Hallem management boasts being among the top leaders in organizational business, which has successfully integrated neo-liberal unitarism workplace management success. Employees at Hallem not only boast of an excellent working environment but long term employment opportunities. Hallem has embraced workplace diversity and the gender and racial employment ratio is an equal opportunity environment. The company had implemented employment opportunities for the elderly and physically challenged (Building an Exceptional Board, 2007).
The company embraces a policy of respect, fairness and tolerance towards employees. It reinforces this through a ‘Work Place Right Policy,’ implemented by TCCC in 2007. The policy provides complete guidelines to employee management. Employees have an open communication system that enables them to raise issues that the management promises to address, involving free dialogue and round table discussions and debates.
Hallem has a strong and healthy supply chain. Through its core principle of accountability and transparency, the company believes in a long-term supplier relationship. Hallem works with its suppliers through strategic cooperation and partnership. In managing supply chain, Hallem has direct and indirect procurement chains. Apart from just monitoring supplier product quality, the hospital communicates and renders research services to help the supply team. Supplier selection system is openly conducted based on product quality and supplier ability to meet company product specifications (Building an Exceptional Board, 2007).
The major challenge that Hallem faces is financial constraints to meet increasing customer demands. Health industries face a stiff competition that always calls for constant innovation. There are several challenges in hospital human resource management. Employees are hardly enough, while the hospital has limited funds to acquire enough casual labour. The Human Resource Manager is tasked with a hefty challenge of harmonizing different group segments in the hospital with different expectations of one another and management. As a result, the hospital management constantly faces push and full politics from groups such as nurses, doctors, orderlies and labour relations. Consequently, the hospital faces constant migrations of highly skilled staff members, often left with trainees to fill the gaps.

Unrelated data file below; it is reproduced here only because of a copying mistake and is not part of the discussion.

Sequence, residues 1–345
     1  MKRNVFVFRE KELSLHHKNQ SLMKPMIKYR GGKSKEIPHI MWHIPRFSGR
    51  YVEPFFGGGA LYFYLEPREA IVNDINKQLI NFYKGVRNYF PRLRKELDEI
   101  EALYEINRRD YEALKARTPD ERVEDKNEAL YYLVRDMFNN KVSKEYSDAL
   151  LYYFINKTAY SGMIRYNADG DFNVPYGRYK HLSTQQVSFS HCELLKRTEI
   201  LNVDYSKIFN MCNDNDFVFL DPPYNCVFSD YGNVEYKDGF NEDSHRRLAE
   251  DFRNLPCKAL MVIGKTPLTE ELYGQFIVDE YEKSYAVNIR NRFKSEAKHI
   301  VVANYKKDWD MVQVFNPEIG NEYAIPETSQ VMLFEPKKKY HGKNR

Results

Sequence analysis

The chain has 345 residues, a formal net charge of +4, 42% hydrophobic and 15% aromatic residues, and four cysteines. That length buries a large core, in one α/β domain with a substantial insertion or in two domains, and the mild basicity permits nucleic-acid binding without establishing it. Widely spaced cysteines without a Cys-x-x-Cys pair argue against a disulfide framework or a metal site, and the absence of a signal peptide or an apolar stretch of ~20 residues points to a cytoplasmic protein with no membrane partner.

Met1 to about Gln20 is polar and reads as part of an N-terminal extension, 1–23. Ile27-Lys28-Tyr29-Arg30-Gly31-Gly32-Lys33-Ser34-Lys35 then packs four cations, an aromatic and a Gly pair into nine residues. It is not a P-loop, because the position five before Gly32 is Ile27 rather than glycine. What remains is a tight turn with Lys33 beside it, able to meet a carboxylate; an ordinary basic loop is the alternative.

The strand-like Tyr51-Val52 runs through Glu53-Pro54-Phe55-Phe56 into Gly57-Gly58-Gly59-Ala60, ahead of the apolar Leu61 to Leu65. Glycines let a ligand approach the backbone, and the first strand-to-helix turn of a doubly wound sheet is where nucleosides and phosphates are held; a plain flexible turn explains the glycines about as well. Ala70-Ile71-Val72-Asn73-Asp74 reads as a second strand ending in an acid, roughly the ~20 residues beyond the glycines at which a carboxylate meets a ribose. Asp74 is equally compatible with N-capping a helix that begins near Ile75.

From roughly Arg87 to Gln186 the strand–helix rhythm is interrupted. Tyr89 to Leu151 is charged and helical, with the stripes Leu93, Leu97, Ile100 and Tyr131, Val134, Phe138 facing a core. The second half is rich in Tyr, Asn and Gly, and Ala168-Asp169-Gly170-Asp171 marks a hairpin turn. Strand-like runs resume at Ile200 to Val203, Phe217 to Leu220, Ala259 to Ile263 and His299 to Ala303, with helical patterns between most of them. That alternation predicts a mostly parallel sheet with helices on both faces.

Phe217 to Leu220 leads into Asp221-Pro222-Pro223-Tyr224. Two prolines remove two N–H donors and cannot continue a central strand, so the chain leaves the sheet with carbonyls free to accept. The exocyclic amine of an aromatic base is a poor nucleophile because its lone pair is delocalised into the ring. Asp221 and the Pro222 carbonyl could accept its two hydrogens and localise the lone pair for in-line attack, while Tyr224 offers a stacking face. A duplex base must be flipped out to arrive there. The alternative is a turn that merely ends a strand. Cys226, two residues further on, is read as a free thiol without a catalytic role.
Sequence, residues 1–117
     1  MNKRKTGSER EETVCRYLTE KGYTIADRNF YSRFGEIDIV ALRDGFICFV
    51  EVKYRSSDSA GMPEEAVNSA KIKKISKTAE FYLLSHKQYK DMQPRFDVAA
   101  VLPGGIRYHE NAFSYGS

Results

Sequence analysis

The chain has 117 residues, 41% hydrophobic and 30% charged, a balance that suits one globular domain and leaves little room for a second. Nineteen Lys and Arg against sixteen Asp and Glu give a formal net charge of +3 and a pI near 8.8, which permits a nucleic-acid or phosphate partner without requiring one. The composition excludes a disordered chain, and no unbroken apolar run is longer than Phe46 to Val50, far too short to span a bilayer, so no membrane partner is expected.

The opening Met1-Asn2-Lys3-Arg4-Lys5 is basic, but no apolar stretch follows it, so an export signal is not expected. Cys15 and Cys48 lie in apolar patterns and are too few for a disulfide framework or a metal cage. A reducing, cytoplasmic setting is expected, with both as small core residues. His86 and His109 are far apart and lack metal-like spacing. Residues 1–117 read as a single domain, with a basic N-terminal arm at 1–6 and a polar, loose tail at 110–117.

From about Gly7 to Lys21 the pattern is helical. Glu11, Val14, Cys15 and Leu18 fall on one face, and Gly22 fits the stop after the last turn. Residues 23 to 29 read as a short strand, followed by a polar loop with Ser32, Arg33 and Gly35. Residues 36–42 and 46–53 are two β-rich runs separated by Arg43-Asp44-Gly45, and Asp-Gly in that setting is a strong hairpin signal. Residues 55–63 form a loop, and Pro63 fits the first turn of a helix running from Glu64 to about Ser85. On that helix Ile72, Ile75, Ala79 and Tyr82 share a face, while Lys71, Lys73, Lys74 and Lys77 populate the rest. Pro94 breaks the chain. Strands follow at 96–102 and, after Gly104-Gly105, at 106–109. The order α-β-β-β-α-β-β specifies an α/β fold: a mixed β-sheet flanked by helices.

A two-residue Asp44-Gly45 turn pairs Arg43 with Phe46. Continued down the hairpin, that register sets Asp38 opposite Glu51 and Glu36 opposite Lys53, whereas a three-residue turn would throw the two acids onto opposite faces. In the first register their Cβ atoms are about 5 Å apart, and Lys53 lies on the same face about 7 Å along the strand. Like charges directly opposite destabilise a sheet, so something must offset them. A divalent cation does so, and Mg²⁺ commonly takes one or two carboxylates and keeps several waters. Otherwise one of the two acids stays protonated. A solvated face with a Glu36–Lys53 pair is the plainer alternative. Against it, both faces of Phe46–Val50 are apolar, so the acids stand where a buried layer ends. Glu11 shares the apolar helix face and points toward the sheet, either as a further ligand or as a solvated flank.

The fine dynamics in smoothly running a hospital from a managerial position is a job of politics, understanding, mediation, compromise and strength. Any organization that wishes to operate in harmony with groups of people must understand that people will have conflicts, and will come together to agitate or resolve conflicts. Management needs to strive for complete resolutions of problems, not simply sweeping issues under the rug. This is where Hallem Hospital has a deficit and why there is a constant turnaround of qualified staff that seeks better employment conditions elsewhere. Despite its boast of innovation in organizational structure, Hallem needs to fine tune matters here and there.
My goals there were to move up the managerial ladder and take a leadership role; my concerns were being blocked in this movement by certain employees whom I felt were working against me rather than with me. We were not seeing eye-to-eye on things. One cannot expect that all people in an organization will operate in harmony, but it would be cost-effective if the organization can strive for that goal. This is why some companies engage in weeklong retreats for groups inside a company: to bring about a connection between all for a better workplace environment. Hallem Hospital could benefit from something like that; the end result would be a human resource benefit.
Building an Exceptional Board (2007). Effective Practices for Health Care Governance Report of the Blue Ribbon Panel on Health Care Governance. Health Research & Educational Trust. Chicago: Centre for Healthcare Governance. Print.
Cohen, S. (2009). The Drive toward Transparency: Enhancing Openness and Accountability. Healthc. Exec. 20:16–20. [Online: PubMed]
Gefma, I. (2011). Facility Management. European Facility Management Conference, Exhibition Europe, Frankfurt am Main. 19-21 April, Tagungsband / Proceedings.